The average life expectancy in Australia is 82 years. How old are you now? Subtract your current age from this number.

Now you have a rough idea of how many years you have left on this planet.

What are you going to do with them? Are you going to continue to stress about money and feel out of control of your own life?

Or will you step up and take action?

 

Invisible script #4: “The economy sucks”

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I get it – things are pretty tough right now. Our generation has already lived through the GFC – and now the coronavirus pandemic means that we’re going to have a rough time economically for the next few years.

You can’t let that be an excuse. The economy is always going to have its ebbs and flows. But the economy always recovers.

And the reality is – it doesn’t matter what the economy is doing. You’re still going to be better off financially if you follow a smart system of saving – whether in good times or in bad.

More millionaires were created in the Great Depression than at any other time. And the ones who became right back then weren’t the people who gave up because the economy was in the toilet – they were the people who stuck to their guns and did the work.

 

You can make progress or you can make excuses.

progress for barefoot

There are plenty of other invisible scripts that you might have about your money, and it’s worth spending some time thinking about what your invisible scripts are.

But no matter your situation, no matter what your invisible scripts are, excuses aren’t going to save you when you get hit with a financial emergency.

Excuses aren’t going to change your bank balance.

Excuses aren’t going to set you up for retirement and keep you financially secure through life’s inevitable ups and downs.

The thing that is going to bring control over your money and your life is taking action.

It’s hard to admit that you’re not as financially successful or sorted as you tell yourself are. But once you do, and once you commit to making progress every day, you’re already free.

Financial freedom isn’t about your bank balance, or what house or car you have. It’s a mindset – knowing that you’re taking action to take care of yourself and your loved ones.

 

What are your top priorities with money?

Money in itself has no value. The value in money comes from the things it helps you achieve.

All the money in the world won’t make you happy. It’s what you do with your money that makes you happy.

robert kyosaki quote

I’m going to share my top 3 priorities with you. Yours might differ from mine, but whatever they are, you should be clear about what having money will do for you.

Here are my top three priorities:

  • ✅  Financial security: I don’t want to stress about money. If the worst case scenario happens, I want to know that I’ve got it covered.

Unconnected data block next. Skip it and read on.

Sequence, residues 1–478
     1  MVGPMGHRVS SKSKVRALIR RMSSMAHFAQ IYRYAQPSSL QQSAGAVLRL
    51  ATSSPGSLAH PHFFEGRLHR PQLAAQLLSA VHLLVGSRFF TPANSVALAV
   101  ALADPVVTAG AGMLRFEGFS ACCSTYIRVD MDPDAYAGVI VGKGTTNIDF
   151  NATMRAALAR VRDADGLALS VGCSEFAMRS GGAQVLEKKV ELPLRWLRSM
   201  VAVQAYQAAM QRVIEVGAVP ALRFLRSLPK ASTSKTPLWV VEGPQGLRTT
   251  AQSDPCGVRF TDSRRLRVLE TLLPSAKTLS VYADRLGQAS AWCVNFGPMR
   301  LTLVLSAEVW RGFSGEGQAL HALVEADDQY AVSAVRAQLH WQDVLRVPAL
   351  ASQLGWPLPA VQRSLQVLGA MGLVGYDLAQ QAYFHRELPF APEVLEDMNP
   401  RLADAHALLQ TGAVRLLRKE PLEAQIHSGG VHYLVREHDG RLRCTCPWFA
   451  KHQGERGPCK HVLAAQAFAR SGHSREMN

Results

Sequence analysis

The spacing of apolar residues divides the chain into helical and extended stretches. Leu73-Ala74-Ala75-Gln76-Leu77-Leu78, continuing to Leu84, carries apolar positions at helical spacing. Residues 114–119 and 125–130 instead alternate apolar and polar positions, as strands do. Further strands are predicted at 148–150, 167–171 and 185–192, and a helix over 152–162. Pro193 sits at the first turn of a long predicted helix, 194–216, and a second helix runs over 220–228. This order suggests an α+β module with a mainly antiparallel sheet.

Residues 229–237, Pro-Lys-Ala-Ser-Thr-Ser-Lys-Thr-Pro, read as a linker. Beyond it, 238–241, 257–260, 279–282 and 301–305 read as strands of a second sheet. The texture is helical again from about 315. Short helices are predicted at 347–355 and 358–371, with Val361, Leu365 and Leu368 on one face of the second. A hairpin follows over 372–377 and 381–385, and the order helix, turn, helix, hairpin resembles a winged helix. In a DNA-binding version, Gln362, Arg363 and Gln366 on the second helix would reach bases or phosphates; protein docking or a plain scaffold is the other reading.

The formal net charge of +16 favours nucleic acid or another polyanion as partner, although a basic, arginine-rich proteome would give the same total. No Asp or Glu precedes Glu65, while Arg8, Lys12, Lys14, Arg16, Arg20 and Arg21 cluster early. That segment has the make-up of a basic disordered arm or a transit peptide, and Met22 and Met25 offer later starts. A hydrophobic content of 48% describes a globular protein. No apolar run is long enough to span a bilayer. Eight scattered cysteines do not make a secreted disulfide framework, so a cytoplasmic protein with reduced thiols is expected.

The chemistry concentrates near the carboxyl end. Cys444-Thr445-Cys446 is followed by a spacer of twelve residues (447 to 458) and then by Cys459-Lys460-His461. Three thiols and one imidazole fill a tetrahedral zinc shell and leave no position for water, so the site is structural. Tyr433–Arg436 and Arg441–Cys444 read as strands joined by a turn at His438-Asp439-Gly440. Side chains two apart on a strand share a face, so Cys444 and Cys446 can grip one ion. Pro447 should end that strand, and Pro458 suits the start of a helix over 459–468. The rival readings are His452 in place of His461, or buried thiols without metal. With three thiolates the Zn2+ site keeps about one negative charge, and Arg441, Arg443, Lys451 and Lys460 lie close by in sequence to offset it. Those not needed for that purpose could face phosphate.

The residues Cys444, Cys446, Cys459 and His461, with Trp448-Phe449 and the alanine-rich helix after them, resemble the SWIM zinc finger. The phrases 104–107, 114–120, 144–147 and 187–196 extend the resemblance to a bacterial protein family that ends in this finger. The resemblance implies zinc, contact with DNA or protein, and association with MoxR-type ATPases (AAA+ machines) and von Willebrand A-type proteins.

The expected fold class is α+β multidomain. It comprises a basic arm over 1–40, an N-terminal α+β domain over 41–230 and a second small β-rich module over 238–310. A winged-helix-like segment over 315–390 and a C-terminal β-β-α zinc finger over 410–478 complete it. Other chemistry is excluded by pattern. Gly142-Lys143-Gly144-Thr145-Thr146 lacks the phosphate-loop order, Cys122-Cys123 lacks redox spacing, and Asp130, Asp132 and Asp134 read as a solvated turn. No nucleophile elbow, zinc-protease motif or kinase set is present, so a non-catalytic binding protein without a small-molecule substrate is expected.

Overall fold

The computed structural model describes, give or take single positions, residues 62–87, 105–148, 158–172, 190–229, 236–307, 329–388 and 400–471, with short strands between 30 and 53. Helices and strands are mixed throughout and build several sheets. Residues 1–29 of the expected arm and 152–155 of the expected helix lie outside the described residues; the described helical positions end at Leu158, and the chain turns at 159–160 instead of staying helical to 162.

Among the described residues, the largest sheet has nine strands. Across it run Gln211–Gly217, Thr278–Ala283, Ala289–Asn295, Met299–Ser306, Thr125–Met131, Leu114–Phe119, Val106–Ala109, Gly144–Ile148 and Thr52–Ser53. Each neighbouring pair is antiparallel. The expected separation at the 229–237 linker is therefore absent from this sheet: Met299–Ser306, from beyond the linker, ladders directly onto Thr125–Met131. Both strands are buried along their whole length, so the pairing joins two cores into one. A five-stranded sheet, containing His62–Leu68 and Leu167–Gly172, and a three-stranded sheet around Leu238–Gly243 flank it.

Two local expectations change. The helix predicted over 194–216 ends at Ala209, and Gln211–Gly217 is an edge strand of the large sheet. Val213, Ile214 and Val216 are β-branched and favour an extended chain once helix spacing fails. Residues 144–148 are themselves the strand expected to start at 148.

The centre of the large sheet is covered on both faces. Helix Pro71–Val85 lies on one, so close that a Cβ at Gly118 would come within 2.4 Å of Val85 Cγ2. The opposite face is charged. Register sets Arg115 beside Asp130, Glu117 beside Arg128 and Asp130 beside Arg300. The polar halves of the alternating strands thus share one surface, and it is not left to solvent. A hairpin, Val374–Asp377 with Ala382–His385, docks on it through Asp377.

• ✅  Freedom to travel and spend time with family and friends: For me, life is about the journey. It’s not about a hard, joyless slog through life trying to
    preserve every penny along the way. It’s the experiences and good times you have along the way with friends and family that make life worth living.
  • ✅  Build long term wealth to retire comfortably: We’re all going to get old eventually. And when it comes time to retire, I want to be comfortable. Retirement is supposed to be your golden years – a reward for your hard work over your life. Stressing out about money isn’t part of my retirement plan.

Spend some time thinking about your own money priorities. It will make the hard times easier, and make you so much more likely to succeed.

Now that’s out of the way, let’s dive into the nitty-gritty details. In the rest of this post I will explain the whole Barefoot Investor system for you.

 

Barefoot Investor Buckets

In this section I’m going to break down the bank accounts and simplify it for you, so you don’t end up like my friend – who gave up.

The Barefoot Investor recommends splitting your income into three separate groups (“buckets”).

  • ✅  Blow Bucket: This is the money you’re going to spend in the short term. The money here is used for daily expenses, the occasional splurge, holidays, and some extra cash to fight financial fires.
  • ✅  Mojo Bucket: The mojo bucket is used for your rainy day emergency savings. It’s safety money for any financial emergencies that crop up.
  • ✅  Grow Bucket: This is your money maker bucket. The grow bucket is where you do your investing and look for longer term wealth building.

 

barefoot investor buckets

In summary, one bucket is for spending money on life, one is for savings for a rainy day/emergency, and another is for long term investments. 

barefoot investor bank accounts

 

 

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Blow Bucket

Now that we’ve moved from our three main categories and demystified the use of funny words.

It’s time to break down what the BLOW bucket means.

This is the one that causes all the confusion, and for my friend just before, the straw that broke the camel’s back.

Your Blow bucket is for expenses and splurge money. This is the only bucket a lot of Aussies have. And it’s one of the reasons why many people find it hard to save.

When you use one account for everything, the money just tends to evaporate. You might have some general ideas about saving and investing, but when it’s all in the one place, the money just tends to disappear.

This is where those funny-named bank accounts come in.

barefoot investor blow bucket

  • ✅  Daily Expenses: For your day-to-day living expenses such as food, housing costs, utilities, fuel.
  • ✅. Splurge: Guilt-free spending money for small things, like a new pair of shoes or a round of beers for your mates.